Narrator: This is Science Today. Younger women about to have their first mammogram may be dealing with some conflicting information about the benefits of mammography. Epidemiologist Karla Kerlikowske of the University of California, San Francisco says some organizations recommend women start to get regular screenings at age forty, while others say only over age fifty.
Kerlikowske: There's a lot of controversy and it really just depends on what organizations you listen to or what country you live in. If you have a family history of breast cancer or you've had breast cancer, then everyone agrees that those women should get regular mammography, no matter what age they are.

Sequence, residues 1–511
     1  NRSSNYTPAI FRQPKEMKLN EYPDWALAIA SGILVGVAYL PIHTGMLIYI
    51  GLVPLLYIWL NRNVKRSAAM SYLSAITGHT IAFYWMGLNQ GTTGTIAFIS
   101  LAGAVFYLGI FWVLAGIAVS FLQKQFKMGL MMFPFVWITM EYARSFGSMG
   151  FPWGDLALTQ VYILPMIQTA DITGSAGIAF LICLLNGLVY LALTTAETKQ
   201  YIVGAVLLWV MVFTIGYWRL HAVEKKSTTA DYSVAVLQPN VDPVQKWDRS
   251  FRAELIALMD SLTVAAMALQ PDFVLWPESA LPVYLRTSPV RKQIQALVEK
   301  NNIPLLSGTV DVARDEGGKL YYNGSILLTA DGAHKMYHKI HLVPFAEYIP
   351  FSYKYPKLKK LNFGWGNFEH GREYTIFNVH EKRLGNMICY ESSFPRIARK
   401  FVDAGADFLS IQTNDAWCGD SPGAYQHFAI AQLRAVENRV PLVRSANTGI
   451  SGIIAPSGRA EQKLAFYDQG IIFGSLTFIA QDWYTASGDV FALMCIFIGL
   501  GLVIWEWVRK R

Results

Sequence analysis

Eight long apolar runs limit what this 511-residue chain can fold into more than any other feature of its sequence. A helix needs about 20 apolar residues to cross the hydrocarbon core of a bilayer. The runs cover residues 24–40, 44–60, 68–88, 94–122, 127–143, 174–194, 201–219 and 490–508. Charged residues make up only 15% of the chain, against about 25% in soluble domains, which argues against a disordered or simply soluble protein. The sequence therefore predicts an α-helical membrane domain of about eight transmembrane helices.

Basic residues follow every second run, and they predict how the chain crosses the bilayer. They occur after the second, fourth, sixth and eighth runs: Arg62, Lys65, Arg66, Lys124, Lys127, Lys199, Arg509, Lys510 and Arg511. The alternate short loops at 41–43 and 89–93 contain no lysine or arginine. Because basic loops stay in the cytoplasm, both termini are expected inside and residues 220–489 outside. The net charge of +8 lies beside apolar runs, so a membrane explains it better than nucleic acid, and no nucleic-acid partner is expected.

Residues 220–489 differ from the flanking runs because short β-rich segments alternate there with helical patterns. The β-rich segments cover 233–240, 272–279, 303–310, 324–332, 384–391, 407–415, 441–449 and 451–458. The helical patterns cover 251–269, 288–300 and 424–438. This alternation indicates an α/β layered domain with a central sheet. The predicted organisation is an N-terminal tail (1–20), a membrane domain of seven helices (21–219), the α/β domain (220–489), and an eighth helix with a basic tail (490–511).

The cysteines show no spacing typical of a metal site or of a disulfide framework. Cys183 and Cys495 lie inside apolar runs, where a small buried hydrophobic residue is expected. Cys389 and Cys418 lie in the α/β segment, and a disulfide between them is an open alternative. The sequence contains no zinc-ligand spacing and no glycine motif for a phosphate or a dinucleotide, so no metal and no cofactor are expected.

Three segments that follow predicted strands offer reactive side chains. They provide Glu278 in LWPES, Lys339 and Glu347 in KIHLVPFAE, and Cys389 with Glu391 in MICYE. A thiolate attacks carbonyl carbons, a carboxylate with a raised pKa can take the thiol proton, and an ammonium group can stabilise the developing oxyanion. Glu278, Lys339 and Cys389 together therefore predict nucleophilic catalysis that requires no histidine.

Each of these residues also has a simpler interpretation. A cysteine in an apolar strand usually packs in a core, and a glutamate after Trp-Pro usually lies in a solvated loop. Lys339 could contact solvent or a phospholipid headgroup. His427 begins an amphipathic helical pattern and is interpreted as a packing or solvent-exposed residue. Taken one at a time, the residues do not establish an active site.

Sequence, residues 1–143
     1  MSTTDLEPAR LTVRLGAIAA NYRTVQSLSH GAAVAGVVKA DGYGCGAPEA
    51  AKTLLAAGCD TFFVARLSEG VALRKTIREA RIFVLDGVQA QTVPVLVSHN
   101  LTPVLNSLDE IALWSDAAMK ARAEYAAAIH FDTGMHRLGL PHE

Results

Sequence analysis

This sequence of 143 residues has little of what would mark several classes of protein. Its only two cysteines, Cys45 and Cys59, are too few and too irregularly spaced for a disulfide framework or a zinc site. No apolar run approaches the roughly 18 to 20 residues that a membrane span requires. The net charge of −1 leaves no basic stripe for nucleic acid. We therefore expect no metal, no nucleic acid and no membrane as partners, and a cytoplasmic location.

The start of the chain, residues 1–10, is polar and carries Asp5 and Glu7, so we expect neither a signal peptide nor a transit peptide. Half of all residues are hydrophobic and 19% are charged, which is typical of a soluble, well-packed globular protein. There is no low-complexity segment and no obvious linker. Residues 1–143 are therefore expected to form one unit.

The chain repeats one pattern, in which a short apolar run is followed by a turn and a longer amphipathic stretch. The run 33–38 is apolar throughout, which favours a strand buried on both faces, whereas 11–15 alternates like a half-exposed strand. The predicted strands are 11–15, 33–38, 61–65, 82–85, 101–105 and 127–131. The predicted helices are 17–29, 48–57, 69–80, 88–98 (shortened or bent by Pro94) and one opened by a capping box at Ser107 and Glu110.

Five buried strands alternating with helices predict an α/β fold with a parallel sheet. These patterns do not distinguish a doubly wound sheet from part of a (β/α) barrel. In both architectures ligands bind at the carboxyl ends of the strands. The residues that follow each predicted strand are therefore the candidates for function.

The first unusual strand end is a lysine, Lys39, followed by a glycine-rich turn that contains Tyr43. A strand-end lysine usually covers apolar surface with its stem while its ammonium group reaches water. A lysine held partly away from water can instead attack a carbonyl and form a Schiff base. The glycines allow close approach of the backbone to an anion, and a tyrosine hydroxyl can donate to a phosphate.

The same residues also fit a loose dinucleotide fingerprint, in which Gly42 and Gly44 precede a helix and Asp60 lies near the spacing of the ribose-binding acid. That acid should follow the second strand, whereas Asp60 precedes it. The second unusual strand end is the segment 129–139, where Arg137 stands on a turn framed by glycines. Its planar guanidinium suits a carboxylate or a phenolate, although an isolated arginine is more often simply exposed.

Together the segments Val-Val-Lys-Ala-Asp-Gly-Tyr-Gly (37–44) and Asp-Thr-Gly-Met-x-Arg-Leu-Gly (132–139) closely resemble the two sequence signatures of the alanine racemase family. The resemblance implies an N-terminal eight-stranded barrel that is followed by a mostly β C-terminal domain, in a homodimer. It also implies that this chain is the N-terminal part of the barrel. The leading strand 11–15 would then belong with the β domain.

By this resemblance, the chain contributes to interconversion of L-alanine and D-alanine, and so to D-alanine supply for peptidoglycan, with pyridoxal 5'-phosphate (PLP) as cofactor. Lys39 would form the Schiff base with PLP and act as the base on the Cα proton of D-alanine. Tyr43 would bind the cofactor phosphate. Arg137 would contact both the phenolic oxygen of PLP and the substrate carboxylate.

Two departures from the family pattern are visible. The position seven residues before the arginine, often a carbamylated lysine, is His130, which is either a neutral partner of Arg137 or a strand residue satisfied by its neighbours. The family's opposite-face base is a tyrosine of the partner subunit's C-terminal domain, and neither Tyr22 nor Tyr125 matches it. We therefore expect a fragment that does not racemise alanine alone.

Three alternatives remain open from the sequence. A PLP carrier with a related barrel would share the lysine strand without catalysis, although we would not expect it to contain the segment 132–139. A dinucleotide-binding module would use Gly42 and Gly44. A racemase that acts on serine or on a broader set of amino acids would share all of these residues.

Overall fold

Narrator: But in previous research, Kerlikowske did find that the overall benefit of mammogram screening in women under fifty is relatively small.
Kerlikowske: So I think in younger women, since it's a toss up of whether the benefits clearly outweigh the risks, I think instead of just automatically recommending that everyone get screened starting at age forty, that they really need to discuss with their provider what the risks and benefits are.
Narrator: For Science Today, I'm Larissa Branin.